B11. Obstetrical analgesia and anaesthesia

Page created on December 27, 2021. Last updated on January 17, 2022 at 20:23

Physiology of labour pain

Labour pain has both visceral and somatic components. Visceral pain occurs in both the first and second stages of labour and is due to dilation and ischaemia. Segments T10 – L1 are involved. Somatic pain occurs in the late first stage and second stage and is due to stretching of the vagina, pelvic floor, and ligaments. Segments S2 – S4 are involved.

As such, neuraxial analgesia must block T10 to L1 for the first stage of labour, but if the aim is to give analgesia for the second stage as well, it must also include S2 – S4. However, providing complete analgesia of S2 – S4 prevents the mother from pushing, so the neuraxial block is prepared so that S2 – S4 are not at all or only mindly blocked.

Anaesthesia for vaginal delivery

In most cases, obstetric anaesthesia is neuraxial (as opposed to general). There are multiple reasons for this:

  • It allows for the mother to assist in pushing, and it allows for immediate baby-to-chest
  • It avoids the need for airway instrumentation
  • It reduced the amount of systemic medication and transfer to foetus
  • General anaesthesia may cause early neonatal depression
  • It is known that neuraxial analgesia and anaesthesia has no negative effects on the neonate

A simple request from the mother is sufficient indication for anaesthesia. No specific medical indication is necessary.

Options for anaesthesia for vaginal delivery include spinal, epidural, combined spinal-epidural (CSE), and general anaesthesia. In case of vaginal delivery, epidural is usually preferred. A combination of (diluted) local anaesthetic and (fat-soluble) opioid is administered. The catheter may be left in place to administer postoperative analgesia as well.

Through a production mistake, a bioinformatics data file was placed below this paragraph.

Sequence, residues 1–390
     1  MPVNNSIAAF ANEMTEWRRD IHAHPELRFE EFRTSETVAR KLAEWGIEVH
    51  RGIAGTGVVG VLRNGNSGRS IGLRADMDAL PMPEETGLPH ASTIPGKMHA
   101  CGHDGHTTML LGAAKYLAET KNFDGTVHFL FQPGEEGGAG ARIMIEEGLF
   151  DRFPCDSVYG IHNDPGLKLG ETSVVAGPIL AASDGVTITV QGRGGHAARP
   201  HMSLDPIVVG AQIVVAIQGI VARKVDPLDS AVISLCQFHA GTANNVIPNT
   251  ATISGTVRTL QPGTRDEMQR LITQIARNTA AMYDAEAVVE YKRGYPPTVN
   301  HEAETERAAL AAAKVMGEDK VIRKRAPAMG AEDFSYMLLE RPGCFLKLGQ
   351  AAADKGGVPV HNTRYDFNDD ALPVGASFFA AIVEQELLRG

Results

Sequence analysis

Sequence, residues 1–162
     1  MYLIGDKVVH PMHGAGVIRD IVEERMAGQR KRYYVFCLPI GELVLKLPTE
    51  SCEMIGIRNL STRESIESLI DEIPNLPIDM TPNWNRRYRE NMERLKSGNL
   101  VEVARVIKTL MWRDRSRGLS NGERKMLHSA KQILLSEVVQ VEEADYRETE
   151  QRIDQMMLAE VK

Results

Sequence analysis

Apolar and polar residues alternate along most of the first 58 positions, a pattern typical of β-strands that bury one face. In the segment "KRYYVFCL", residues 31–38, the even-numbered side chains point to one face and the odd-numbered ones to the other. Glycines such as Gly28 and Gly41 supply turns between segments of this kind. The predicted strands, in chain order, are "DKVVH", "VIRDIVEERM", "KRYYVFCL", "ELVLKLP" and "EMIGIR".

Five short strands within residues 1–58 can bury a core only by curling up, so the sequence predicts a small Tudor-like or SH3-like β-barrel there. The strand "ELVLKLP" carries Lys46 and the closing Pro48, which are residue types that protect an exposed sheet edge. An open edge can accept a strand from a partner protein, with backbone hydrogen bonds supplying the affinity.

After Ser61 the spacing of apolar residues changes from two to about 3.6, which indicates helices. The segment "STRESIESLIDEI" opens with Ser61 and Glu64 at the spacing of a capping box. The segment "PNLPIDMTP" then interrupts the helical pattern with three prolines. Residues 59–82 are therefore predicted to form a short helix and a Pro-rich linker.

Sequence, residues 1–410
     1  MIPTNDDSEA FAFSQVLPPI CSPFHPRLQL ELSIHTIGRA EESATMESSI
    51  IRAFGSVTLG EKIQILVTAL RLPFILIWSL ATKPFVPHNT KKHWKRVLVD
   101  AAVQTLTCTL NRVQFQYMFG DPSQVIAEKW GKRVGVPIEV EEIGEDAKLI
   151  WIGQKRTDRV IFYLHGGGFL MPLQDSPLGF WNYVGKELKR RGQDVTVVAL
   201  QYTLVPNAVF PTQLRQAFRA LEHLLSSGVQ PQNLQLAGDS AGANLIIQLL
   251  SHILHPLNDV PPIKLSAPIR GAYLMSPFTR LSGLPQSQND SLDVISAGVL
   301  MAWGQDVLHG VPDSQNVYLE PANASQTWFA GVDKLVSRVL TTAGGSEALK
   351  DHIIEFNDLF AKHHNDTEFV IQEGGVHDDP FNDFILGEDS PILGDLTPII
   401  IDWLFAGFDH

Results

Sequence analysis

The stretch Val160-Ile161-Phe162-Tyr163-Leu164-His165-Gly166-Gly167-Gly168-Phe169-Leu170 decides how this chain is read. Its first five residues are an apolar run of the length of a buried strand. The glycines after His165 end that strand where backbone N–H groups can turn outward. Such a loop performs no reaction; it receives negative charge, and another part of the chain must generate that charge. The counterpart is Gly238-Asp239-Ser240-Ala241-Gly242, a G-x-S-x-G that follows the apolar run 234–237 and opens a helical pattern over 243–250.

Operative vaginal delivery, especially forceps delivery, is more painful than normal delivery. As such, the doses of anaesthetics in case of operative vaginal delivery must be higher. A pudendal nerve block may also be used for anaesthesia in operative vaginal delivery, either alone or as a supplement to neuraxial anaesthesia.

Nitrous oxide (N2O) may be used alone or as a supplement to neuraxial analgesia. It is self-administered by the mother.

Anaesthesia for C-section

Choices for anaesthesia for C-section include spinal, epidural, combined spinal-epidural (CSE), and general anaesthesia. The choice is usually spinal.

Contraindications to neuraxial anaesthesia are rare and relative, and include:

  • Coagulopathy
  • Spinal pathology (infection)
  • Increased ICP

General anaesthesia is indicated in emergencies (when there is no time to achieve neuraxial anaesthesia) or when neuraxial anaesthesia is contraindicated. Inhaled anaesthetics cause uterine relaxation, which may cause uterine atony and haemorrhage. As such, the use of inhaled anaesthetic should be reduced as much as possible. Often, inhaled anaesthetics are used for induction while IV anaesthetics are used for maintenance.

Postoperative analgesia

If neuraxial anaesthesia was used, the catheter may be left in place and be used to administer postoperative analgesia, most commonly low dose morphine.

Paracetamol and NSAIDs are also effective as postoperative analgesia and are usually administered routinely. A single dose dexamethasone may also be administered, as it has analgetic and antiemetic effects.

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